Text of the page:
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Winners and non-winners alike given warm Hawaiian welcomes upon arrival, any time of day or night

HONOLULU, HI – A large wave of finishers in the 2017 Transpac race have arrived in the Ala Wai last night and in the pre-dawn hours to start to fill up the slip spaces set aside in the Marina for the finishers, known as Transpac Row. From tallest mast to shortest, most of the race entries are moored here, bedecked with leis and ti leaves as symbols of Aloha hospitality from a culture that recognizes the special nature of having completed a long sea voyage.

After crossing the finish line, all boats are escorted to the narrow (sometimes treacherous) entrance to the Ala Wai Yacht Harbor, a safe haven from the Pacific swells. Donned in their flowered shirts, the crews stand on deck to be greeted like conquering heroes by the amplified sounds of native drums, slack key guitar music and a loud and resounding “Aaaahhh- looohhh – haaaaah” given by staff commodore Howie Mednick from the second deck of the Hawaii YC.

“We welcome you to Hawaii, and ask only that you do Drink well, Sing well, Eat well, Sleep well… and Drink well some more!”

Boats then proceed to their assigned slips, get boarded and inspected for rules compliance, and then are released to the awaiting leis and hugs of family, friends and well-wishers. Regardless of the time of day or night, every crew is given an Aloha Party of food and drink, some more traditionally Hawaiian than others, with the unshaven and weary crews growing their smiles with each re-told story and re-acquaintance with terra firma.

This is a unique feature of the Transpac race among the world’s ocean races: nowhere else will you find this intimate and embracing level of hospitality and respect. Finishers of the Volvo Ocean Race and Vendee Globe will experience their re-entry into life ashore under the glare of TV lights, crowds and microphones, whereas at Transpac it will be under the flickering flames of a tiki torch and the inner glow from a Mai Tai.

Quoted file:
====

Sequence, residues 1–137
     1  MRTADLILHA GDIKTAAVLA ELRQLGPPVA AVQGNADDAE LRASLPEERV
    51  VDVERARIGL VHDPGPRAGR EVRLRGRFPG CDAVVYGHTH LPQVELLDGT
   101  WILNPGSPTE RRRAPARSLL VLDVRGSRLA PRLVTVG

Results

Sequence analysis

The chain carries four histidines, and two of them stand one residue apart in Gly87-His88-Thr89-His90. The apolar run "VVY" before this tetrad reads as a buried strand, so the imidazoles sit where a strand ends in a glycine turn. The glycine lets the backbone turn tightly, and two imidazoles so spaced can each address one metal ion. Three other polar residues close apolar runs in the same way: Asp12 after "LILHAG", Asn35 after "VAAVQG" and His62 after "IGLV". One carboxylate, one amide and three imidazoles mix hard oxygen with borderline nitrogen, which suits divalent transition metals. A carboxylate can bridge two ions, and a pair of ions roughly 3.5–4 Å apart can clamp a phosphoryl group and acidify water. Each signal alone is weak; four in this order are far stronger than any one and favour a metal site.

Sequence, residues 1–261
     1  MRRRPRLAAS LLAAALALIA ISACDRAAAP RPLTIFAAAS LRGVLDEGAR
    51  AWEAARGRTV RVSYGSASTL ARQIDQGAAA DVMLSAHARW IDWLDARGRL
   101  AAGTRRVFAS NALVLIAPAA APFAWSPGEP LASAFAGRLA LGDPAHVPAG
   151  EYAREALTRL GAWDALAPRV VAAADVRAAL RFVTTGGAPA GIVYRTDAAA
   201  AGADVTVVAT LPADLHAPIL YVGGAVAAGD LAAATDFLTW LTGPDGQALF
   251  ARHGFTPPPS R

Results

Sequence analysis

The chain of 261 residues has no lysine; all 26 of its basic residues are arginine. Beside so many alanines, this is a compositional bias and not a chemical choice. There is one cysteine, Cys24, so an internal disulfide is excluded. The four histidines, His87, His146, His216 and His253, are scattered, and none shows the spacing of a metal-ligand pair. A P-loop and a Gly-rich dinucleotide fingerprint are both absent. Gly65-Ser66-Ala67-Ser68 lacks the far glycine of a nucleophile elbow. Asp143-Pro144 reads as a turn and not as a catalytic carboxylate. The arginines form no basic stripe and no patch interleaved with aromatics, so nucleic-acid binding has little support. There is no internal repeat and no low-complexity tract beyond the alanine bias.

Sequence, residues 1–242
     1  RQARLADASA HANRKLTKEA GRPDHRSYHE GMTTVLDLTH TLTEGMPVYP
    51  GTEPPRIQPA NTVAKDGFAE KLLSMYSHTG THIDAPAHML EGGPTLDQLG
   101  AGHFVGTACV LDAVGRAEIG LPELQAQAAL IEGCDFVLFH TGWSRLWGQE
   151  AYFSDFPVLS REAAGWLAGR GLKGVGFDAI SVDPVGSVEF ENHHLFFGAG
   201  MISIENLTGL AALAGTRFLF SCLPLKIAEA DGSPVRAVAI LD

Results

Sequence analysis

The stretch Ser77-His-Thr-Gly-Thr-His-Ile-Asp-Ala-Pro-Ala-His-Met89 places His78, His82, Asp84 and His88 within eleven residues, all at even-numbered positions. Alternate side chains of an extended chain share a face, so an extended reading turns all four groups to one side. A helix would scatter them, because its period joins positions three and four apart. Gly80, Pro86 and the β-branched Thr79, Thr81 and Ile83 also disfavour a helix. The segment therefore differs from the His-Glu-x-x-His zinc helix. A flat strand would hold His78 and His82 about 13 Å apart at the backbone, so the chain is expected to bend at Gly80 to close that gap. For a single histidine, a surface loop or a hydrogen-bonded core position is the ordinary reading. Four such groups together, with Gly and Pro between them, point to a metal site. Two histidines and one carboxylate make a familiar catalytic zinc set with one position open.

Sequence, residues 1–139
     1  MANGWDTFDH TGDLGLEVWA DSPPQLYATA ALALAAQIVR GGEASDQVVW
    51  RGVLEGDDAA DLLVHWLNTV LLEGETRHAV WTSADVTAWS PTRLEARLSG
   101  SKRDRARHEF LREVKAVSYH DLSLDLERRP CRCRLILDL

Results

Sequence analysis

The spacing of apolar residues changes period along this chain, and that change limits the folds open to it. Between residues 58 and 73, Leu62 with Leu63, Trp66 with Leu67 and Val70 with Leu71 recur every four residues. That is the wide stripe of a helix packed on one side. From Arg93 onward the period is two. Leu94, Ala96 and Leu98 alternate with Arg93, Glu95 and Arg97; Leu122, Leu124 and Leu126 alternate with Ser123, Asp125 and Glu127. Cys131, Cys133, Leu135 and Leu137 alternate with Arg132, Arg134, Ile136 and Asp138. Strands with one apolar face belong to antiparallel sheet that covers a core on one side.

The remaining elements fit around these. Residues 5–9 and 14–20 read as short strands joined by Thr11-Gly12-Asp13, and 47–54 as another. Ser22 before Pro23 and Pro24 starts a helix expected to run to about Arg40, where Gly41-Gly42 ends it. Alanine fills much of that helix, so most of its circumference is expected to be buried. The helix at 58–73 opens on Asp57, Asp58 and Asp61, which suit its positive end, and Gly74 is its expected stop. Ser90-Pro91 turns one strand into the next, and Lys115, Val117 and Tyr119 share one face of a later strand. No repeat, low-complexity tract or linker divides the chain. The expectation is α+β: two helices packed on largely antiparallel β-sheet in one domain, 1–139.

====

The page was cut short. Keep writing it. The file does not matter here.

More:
The lore of this hospitality reaches far and wide, as evidenced by not only entries who come every two years from around the Pacific Basin, but also those who come from the other side of the world. This year two entries from Europe were here to have the Aloha experience.

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Light air patch plaguing the middle and back of the fleet are sealing off the remaining corrected time titles

HONOLULU, HI – In a race that has featured more elapsed time records set than any in recent memory, its ironic that in the 2017 Transpac race the bulk of the fleet has still to finish due to some light-air conditions in the middle of the course. At Noon local time today, only 22 of the 55 boats entered in this year’s race have finished, although several are due into the finish in the next several hours.